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Baby Monkey, Private Eye
This topic is about Baby Monkey, Private Eye
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Specific Books & Authors > looking for some expert opinion is it a picture book or a graphic novel?

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message 1: by Elspeth (new)

Elspeth Hall (elspeth_grace) | 141 comments Firstly apologies if this is the wrong folder.
I am looking for the opinion of picture book aficionados.

Is Baby Monkey, Private Eye a picture book or a graphic novel???? The book claims it is both and our local library is unsure which section it should be filed under.


message 2: by Manybooks (last edited Mar 22, 2018 08:05AM) (new)

Manybooks | 7247 comments Mod
I have not read the book, but I was under the impression that if a book is in a comic book format, it should probably be considered a graphic novel? But considering the book is 192 pages long, I would not consider something with that many pages a picture book?


message 3: by Cheryl is busier irl atm., Newbery Club host (new) - rated it 3 stars

Cheryl is busier irl atm. (cherylllr) | 6252 comments Mod
One of my libraries has it in Juvenile Graphics. The others have it in regular Juvenile Fiction (you know, the same place as illustrated books like Ivy and Bean and novels like The Yearling).

An argument could be made that it's a picture book, or that it's a leveled reader, but that's a stretch and a red herring.

Assuming your library has Selznick's other books, Wonderstruck and Hugo Cabret, it seems to me it would make the most sense to put it there with them... that's where patrons who are most interested will see it!


message 4: by Megan (new)

Megan (appaloosa05) | 14 comments We have it in Go, which is our highest level of readers (basically early chapter books like Ivy and Bean, Flat Stanley, Clementine, etc...). Since it is longer I would probably shelve it with chapter books even though it is illustrated, but it doesn't appear to be as high of a reading level as Selznick's other books.


message 5: by Cheryl is busier irl atm., Newbery Club host (new) - rated it 3 stars

Cheryl is busier irl atm. (cherylllr) | 6252 comments Mod
Ok, so you really have fine distinctions then. Hm. Go, as in Ready Set Go? If so, neat idea. I can imagine this being a Go book, then, sure.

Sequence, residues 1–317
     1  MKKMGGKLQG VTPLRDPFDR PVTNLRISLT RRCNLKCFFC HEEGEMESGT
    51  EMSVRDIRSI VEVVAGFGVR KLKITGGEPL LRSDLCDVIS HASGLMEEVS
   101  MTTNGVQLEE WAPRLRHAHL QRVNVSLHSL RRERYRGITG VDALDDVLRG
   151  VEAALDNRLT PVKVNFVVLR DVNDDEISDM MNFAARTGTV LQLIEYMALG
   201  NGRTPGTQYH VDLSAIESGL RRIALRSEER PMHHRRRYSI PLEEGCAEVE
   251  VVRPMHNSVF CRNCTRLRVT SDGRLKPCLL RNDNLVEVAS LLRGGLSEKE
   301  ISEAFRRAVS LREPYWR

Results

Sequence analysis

message 6: by Jennifer (last edited Mar 23, 2018 07:09AM) (new)

Jennifer (JenIsNotaBookSnob) (jenisnotabooksnob) | 170 comments Our library just got his in and we are going to put it in juvenile fiction with his other books. It is an oddball book and I was tempted to put it in regular picture books or EZ readers as that's more the reading level of the book. But, the book length makes it more of a juvenile fiction book. It isn't really a graphic as those usually have speech bubbles and boxes.
Selznick is excellent at making these strange books.. lol

Edited to add: This book is about a guided reading level of F or so, around first grade level which is why I was tempted to place it in EZ readers. However, to avoid confusion, we generally only place books that have clearly marked reading levels in that section. By process of elimination, it ended up in juvenile fiction.


message 7: by Elspeth (new)

Elspeth Hall (elspeth_grace) | 141 comments I haven't read the entire thing I just looked a the first dozen pages. There is only one sentence to a page. If that. And the vocabulary is quite basic so it doesn't meet the criteria for the "race ahead" section which has the likes of Matilda and King Coo, nor does it sit well with our "i can read" section as these are meant to build reading stamina so tend to be paragraph per page. Its American English means we cant put it into the Oxford reading tree section. On the other hand it is to long, as manybooks said, to go in our picture book section....... hmmm. I shall pass on all your sugestions.
Our library bought it (despite its american English ~pants/trousers~) because they thought it would attract reluctant readers.
Perhaps we shall just have to have it on a stand all of its lonesome.


message 8: by Megan (new)

Megan (appaloosa05) | 14 comments Cheryl wrote: "Ok, so you really have fine distinctions then. Hm. Go, as in Ready Set Go? If so, neat idea. I can imagine this being a Go book, then, sure."

We do. Ready is very beginning readers with one or two sentences on a page e.g. Biscuit, Elephant and Piggie. Set is readers with a few sentences on a page such as Frog and Toad, Katie Woo. And then as I mentioned Go is beginning chapter books. Within the sections books are organized alphabetically by the author's last name.

We don't have books organized by number/grade level because we don't want kids to feel ashamed if they're reading at a different level than their actual grade level.


message 9: by Cheryl is busier irl atm., Newbery Club host (new) - rated it 3 stars

Cheryl is busier irl atm. (cherylllr) | 6252 comments Mod
Megan, that sounds like a great system for the right size library.


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